5 Drummers of Indie Rock To Pay Attention To

A great drummer can make the difference in a band. Anyone will tell you that’s a fact. Try to imagine The Who without the thunderous, kinetic play of Keith Moon. Or “Be My Baby” without that famous drum break and frantic yet tasteful fills by Hal Blaine. Or James Brown’s classic records without the “Funky Drummer” himself, Clyde Stubblefield. Even the much-maligned Ringo Starr knew exactly when to accent a moment in a song with a perfect fill (think “Helter Skelter” or “Drive My Car”) and when to sit back and let the music groove.

Sadly, the drummer is often ignored in indie-rock conversation. Maybe it’s because the genre itself doesn’t lend itself to the kind of flash that classic rock and roll or funk or jazz does (there aren’t a lot of soloists in indie rock). The drumming in a ton of indie rock music also doesn’t move beyond simple timekeeping or tasteful grooves, which doesn’t immediately impress as much as a great jazz solo or a thunderous metal part. As a drummer and indie rock fan, I’ve found the genre to house plenty of interesting and excellent players, some of which don’t get the respect they deserve. These are just a few of the drummers of indie rock who deserve more attention.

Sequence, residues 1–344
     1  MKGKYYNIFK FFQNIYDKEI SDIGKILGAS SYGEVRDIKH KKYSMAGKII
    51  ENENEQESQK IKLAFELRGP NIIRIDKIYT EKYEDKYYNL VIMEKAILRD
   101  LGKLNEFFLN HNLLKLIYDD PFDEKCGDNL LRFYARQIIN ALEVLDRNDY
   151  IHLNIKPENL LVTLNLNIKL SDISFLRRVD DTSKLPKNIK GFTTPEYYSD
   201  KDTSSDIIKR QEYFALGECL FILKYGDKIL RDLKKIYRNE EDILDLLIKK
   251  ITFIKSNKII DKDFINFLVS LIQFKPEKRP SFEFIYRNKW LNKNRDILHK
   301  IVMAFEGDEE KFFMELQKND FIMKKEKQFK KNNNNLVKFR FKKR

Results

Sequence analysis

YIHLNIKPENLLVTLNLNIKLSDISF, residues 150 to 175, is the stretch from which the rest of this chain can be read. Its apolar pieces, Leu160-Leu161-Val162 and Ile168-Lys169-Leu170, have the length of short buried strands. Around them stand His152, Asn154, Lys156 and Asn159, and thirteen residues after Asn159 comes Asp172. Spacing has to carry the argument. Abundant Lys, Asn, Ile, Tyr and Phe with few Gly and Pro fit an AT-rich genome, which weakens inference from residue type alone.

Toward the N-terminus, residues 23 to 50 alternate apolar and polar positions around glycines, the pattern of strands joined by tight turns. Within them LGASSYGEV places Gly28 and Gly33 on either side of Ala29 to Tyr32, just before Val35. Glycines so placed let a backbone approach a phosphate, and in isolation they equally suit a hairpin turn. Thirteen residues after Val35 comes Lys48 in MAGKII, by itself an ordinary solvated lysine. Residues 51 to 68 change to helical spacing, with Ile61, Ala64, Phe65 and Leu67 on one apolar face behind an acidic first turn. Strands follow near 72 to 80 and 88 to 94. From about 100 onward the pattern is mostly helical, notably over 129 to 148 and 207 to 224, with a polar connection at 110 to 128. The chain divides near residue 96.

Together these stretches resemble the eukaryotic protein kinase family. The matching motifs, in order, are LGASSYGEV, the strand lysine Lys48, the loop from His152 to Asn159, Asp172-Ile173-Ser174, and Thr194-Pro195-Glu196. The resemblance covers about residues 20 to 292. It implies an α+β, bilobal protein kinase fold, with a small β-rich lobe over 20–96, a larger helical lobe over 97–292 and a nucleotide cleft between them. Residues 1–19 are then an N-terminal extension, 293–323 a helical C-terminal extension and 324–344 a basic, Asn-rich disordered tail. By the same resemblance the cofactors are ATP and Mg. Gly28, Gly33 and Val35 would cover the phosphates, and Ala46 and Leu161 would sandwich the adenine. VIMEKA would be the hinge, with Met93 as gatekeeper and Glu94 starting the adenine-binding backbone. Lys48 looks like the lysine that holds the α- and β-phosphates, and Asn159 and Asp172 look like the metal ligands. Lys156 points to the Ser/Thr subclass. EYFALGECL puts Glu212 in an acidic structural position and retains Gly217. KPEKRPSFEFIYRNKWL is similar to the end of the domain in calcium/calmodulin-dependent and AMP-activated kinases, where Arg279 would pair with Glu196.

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Five Side Projects Turned Supergroups

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The diverse members of Gorillaz

Despite plenty of success and years of experience, some artists just want to mix things up. This motivation creates what we may call side projects or musical supergroups. Take all the best qualities of similar, or not so similar, musicians, put them in a recording studio, and watch the magic happen. In the past decade or so, five projects in particular have redefined the expectations of musical collaborations. In fact, some of the names may even surprise you.

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Jake Bugg’s ‘Shangri La’ Lives up to the Hype

Before the official release of Bugg’s sophomore album Shangri La, he released two singles from the album What Doesn’t Kill You and Slumville Sunrise, which featured a significant development in Bugg’s music from his first debut album Jake Bugg. The two singles were much heavier, rockier, and fast moving; that’s definitely not a bad thing by any means, but I fell in love with Jake Bugg’s music because it felt real, genuine, and I liked the folky acoustic sound in all of his songs. So while I was excited to listen to Shangri La, I was worried it would disappoint my expectations for Bugg. But, it’s amazing and everyone should listen to it.

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Let’s Get The Album-Of-The-Year Countdown Hype Started: My Albums of the Semester